Pauli Pekkanen driving LUT University's electric motorcycle Ukkonen at Jarno Saarinen Circuit Imatra
Created 5.5.2023
Updated 31.5.2023

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LUT’s electric motorcycle JHC Ukkonen lost on the competition circuit to its Dutch opponent from the University of Twente because Ukkonen was too hot to handle.

”The controller overheated, which was Ukkonen’s main problem in the test run and restricted its power. The day of the actual race was very hot, which led to the controller cutting the bike’s power to about half of what we could get out of it in the right conditions,” says Marko Kasurinen, development manager at LUT.

The controller regulates the electric motorcycle’s key features and handling, such as battery power, speed and acceleration.

Ukkonen, developed at LUT University’s J. Hyneman Center, and an electric bike from the University of Twente went up against each other at the Lappeenranta airport at the end of June 2022. The track test was arranged on the eve of the road race Imatranajot. Ukkonen was ridden by the former professional racer Pauli Pekkanen.

The University of Twente raced the fifth version of their electric motorbike, so they’re much further along in the development process than LUT. Nevertheless, Ukkonen did very well considering it was only LUT’s first version of an electric racing motorcycle,” Pekkanen says.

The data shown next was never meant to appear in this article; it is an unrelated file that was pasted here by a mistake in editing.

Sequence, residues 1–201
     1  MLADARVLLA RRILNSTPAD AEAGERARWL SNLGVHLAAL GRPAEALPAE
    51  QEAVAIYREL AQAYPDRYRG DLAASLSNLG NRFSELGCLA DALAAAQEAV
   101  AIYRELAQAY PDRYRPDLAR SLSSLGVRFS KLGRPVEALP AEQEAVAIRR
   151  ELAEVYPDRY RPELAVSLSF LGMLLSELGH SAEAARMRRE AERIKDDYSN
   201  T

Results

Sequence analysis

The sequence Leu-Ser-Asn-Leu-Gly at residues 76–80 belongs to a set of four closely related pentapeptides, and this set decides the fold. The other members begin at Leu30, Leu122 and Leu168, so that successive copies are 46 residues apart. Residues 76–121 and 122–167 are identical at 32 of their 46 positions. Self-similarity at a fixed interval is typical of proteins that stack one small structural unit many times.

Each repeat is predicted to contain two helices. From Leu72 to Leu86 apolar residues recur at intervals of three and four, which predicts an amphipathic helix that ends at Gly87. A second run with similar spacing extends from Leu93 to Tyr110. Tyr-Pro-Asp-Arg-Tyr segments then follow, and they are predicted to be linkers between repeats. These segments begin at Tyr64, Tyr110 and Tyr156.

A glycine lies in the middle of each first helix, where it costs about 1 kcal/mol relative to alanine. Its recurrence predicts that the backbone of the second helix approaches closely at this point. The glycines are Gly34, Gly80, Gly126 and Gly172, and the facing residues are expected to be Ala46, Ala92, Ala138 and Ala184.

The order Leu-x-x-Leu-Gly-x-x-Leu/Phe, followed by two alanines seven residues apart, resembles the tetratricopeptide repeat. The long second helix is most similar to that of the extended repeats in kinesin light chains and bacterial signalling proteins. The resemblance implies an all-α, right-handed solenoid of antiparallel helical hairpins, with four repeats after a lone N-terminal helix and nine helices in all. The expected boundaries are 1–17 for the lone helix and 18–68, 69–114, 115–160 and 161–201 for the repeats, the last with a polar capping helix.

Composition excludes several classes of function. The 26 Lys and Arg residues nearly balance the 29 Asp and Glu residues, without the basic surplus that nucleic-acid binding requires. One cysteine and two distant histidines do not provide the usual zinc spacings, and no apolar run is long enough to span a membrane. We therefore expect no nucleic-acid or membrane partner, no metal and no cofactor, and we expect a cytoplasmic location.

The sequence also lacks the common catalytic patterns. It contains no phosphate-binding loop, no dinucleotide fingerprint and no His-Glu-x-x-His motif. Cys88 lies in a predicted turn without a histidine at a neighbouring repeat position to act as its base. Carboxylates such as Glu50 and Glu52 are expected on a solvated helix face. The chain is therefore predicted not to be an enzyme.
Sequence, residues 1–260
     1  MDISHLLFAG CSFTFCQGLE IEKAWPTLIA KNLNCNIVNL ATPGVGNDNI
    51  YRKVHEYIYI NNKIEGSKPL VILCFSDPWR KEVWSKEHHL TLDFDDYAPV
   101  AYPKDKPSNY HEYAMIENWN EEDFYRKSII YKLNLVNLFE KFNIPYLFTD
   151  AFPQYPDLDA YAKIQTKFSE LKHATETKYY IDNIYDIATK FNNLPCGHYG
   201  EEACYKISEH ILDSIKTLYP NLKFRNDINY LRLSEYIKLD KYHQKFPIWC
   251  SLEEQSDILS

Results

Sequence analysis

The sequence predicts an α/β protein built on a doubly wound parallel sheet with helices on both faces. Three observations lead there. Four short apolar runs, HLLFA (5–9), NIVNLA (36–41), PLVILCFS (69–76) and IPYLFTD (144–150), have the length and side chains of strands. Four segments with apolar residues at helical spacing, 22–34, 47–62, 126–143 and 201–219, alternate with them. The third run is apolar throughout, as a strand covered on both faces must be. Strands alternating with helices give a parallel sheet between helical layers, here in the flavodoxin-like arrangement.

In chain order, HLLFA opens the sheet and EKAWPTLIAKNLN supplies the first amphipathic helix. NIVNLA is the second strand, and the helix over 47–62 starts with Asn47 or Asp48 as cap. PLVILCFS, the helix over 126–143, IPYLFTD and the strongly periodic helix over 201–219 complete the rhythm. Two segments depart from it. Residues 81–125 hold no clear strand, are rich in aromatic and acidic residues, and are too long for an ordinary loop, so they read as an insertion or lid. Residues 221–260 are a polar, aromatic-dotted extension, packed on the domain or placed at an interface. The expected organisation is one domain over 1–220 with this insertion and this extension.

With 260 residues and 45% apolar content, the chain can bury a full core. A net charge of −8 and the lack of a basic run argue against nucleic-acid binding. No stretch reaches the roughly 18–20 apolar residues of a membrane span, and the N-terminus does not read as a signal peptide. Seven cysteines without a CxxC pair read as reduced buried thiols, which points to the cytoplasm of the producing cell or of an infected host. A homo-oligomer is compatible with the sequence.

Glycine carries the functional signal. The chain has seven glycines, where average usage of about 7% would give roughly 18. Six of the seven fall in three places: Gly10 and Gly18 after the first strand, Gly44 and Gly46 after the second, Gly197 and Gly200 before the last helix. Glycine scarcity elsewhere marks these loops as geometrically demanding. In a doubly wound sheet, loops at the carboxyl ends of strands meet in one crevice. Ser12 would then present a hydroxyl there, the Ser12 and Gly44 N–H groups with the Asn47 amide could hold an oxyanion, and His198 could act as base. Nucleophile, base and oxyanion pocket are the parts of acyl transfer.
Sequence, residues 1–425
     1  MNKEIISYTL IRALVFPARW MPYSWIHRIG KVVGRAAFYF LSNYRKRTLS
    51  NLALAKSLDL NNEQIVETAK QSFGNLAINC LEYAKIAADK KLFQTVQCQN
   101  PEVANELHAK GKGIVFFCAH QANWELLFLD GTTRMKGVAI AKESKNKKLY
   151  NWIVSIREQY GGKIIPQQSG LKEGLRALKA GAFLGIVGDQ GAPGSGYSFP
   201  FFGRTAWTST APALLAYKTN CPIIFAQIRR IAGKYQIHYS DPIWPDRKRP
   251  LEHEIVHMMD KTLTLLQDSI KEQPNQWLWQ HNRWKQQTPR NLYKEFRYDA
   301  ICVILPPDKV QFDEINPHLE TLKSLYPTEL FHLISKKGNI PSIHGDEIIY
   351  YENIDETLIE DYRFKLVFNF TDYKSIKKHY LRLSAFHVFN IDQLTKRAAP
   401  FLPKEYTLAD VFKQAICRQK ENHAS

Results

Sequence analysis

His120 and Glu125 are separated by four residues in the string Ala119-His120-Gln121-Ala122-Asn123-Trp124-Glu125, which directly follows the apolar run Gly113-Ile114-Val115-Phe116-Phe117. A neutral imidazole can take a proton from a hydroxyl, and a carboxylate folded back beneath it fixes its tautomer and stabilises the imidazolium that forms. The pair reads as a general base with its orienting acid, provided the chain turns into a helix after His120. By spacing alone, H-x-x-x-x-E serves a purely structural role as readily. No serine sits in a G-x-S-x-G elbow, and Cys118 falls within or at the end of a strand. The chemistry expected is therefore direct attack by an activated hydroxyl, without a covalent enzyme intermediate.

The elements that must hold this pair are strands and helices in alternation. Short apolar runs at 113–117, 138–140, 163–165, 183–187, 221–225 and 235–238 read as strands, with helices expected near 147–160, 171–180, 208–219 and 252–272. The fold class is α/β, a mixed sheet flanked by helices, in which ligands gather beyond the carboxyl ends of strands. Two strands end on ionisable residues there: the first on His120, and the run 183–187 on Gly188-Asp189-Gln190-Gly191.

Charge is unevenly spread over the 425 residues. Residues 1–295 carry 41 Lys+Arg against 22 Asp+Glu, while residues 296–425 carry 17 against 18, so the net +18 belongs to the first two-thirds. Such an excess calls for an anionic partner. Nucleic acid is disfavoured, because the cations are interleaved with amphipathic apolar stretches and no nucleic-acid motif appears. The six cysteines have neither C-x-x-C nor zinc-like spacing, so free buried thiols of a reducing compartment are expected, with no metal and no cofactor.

Electric motor versus internal combustion engine

Ukkonen has only been tested a few times in racing conditions, which means there is still ample room for improvement. Pekkanen considers that in terms of racing, bikes with internal combustion engines and electric motors don’t differ significantly.

”The control features are the same in both bikes, but an electric motorbike doesn’t make noise or have gears. The absence of noise is a bit confusing because I’m used to changing gears based on the sounds I hear,” he explains.

Due to overheating, the rider wasn’t able to get enough power out of LUT’s Ukkonen. The bike reached a maximum speed of 230 kilometers per hour during the Lappeenranta test, whereas an internal combustion engine motorcycle can reach speeds of up to 340 kilometers per hour.

Ukkonen’s qualities came as no surprise to Pekkanen.

”I was fully aware that it was a work in progress, but of course, it stung to lose to a Dutchman,” Pekkanen jokes.

Marko Kasurinen goes as far as to claim Ukkonen’s track tests went too well in certain respects.

”The power measurements and tests went too well in the sense that we weren’t able to sufficiently identify and analyze all the bike’s little kinks and bugs,” he elaborates.